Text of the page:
Barack Obama continues to shake up the world with his new ideas, demonstrating himself again among the more creative and bold leaders the world has seen in the past half-century. In Prague on Sunday, he called for the US to lead a drive to abolish nuclear weapons:
‘ The existence of thousands of nuclear weapons is the most dangerous legacy of the Cold War. No nuclear war was fought between the United States and the Soviet Union, but generations lived with the knowledge that their world could be erased in a single flash of light. Cities like Prague that had existed for centuries would have ceased to exist. Today, the Cold War has disappeared but thousands of those weapons have not. In a strange turn of history, the threat of global nuclear war has gone down, but the risk of a nuclear attack has gone up. More nations have acquired these weapons. Testing has continued. Black markets trade in nuclear secrets and materials. The technology to build a bomb has spread. Terrorists are determined to buy, build or steal one. Our efforts to contain these dangers are centered in a global nonproliferation regime, but as more people and nations break the rules, we could reach the point when the center cannot hold. . . Just as we stood for freedom in the 20th century, we must stand together for the right of people everywhere to live free from fear in the 21st. And as a nuclear power -as the only nuclear power to have used a nuclear weapon – the United States has a moral responsibility to act. We cannot succeed in this endeavor alone, but we can lead it. So today, I state clearly and with conviction America’s commitment to seek the peace and security of a world without nuclear weapons.’
What he says about the continued threat of nuclear arsenals, and about the dangers of proliferation and use in terrorism, is all true. But while commentators say these things all the time, seldom do politicians dare be so frank and so decisive. I believe that only in retrospect will historians come to see the true, pivotal significance of Obama’s epochal speech. More from the LAT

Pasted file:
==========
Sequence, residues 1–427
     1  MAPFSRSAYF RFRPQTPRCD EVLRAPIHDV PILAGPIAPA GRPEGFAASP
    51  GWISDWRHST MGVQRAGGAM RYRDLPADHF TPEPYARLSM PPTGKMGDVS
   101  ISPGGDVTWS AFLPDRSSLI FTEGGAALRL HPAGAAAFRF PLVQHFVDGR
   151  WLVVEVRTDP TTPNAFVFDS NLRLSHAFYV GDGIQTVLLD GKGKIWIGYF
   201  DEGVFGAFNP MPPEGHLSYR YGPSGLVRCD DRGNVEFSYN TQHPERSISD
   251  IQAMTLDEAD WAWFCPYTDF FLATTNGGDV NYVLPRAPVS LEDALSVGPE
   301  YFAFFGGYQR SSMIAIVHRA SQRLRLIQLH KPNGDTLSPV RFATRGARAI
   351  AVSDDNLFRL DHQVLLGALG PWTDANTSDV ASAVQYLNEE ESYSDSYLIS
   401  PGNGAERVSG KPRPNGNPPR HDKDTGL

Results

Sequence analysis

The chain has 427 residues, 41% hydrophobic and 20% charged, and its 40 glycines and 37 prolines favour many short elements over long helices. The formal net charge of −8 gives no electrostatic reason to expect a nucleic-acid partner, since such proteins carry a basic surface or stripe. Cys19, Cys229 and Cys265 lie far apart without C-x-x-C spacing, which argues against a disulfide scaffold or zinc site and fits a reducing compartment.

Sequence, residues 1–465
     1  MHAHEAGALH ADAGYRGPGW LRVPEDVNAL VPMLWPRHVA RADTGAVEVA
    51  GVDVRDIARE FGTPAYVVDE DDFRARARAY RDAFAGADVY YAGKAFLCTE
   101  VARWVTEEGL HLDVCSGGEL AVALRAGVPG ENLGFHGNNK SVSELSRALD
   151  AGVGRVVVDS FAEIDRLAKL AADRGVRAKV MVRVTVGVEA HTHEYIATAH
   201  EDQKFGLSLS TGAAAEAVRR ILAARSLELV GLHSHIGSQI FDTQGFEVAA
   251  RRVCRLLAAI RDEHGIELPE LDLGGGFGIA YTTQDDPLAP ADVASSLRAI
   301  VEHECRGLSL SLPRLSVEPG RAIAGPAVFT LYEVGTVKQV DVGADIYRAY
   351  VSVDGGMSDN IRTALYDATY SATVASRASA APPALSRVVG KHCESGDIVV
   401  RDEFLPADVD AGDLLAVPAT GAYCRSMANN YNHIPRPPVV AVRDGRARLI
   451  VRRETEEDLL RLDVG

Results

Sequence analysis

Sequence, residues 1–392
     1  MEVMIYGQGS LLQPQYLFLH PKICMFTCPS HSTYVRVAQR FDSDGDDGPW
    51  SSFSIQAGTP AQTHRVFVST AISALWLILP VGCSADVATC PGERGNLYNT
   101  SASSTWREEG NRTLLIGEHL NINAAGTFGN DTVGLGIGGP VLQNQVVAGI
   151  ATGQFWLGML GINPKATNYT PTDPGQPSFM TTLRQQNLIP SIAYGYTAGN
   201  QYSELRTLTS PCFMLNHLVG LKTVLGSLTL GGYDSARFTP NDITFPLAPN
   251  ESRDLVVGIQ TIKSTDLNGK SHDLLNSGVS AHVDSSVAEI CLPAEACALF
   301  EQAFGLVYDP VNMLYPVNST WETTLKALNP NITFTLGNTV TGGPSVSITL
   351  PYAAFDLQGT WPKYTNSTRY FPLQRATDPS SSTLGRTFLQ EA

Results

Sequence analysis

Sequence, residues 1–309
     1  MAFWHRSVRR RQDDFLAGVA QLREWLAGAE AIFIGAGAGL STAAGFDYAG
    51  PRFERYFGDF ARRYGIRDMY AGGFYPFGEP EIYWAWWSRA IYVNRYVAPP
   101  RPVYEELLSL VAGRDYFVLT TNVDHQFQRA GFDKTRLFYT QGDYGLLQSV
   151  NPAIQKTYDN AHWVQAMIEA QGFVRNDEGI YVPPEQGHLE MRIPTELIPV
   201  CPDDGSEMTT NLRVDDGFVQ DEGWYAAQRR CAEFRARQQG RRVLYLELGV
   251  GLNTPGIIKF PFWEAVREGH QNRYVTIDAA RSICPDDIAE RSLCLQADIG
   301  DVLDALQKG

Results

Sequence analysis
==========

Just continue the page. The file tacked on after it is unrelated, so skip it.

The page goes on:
This is a step I called for in my new book, “Engaging the Muslim World,” so I’m especially pleased to see President Obama delineating this policy goal so early in his administration. The speech does not refer to the Middle East, but it has potentially big implications for that region. The logical conclusion is that Obama not only wants Iran to cease its nuclear enrichment program (which may not now be aimed at making a bomb, but could one day be used for that purpose), but he also wants Israel to give up its nuclear arsenal of 150 warheads. Since Israel’s stockpile provokes the Middle Eastern arms race, which in turn contributed to the outbreak of the Iraq War, were the Middle East to become a nuclear-free zone, it would become a less dangerous place.
Reuters reports Obama’s comments:
‘ “The United States and Europe must approach Muslims as our friends, neighbors and partners in fighting injustice, intolerance and violence, forging a relationship based on mutual respect and mutual interests. Moving forward toward Turkish membership in the EU would be an important signal of your (EU) commitment to this agenda and ensure that we continue to anchor Turkey firmly in Europe.”
French president Nicolas Sarkozy and German Chancellor Angela Merkel oppose Obama on this issue, while Italian Prime Minister Silvio Berlusconi backed Obama’s suggestion for Turkey. Ironically, the Justice and Development Party in Turkey, which is slightly tinged with political Islam, is among the Turkish political forces most committed to membership in Europe. Because the elite in Turkey has typically been militantly secular and somewhat authoritarian, repressing religion and especially religion in politics, some devotees of political Islam in that country feel they might benefit from European Union human rights laws.
The intrepid Roger Cohen gets an interview with Turkish PM Tayyip Recep Erdogan, who sees Obama as possibly playing a synthetic role between the Christian and Muslim worlds, as exemplified in his full name:
“I consider personally the election of Barack Hussein Obama to have very great symbolic meaning. A Muslim and a Christian name — so in his name there is a synthesis, although people from time to time want to overlook that and they do it intentionally. Barack Hussein Obama . . . Your targets can only be realized on the basis of dreams . . . If everyone can say, looking at Obama, that is he is one of us, is that not befitting for the leading country in the world?”
Aljazeera English reports on the mixed reception of Barack Obama in Turkey. The Turkish left protested US imperialism and rejected membership in NATO. Others see Obama as figure of wisdom and even put him on the same level as Mustafa Kemal Attaturk, the founder of the modern Turkish republic.
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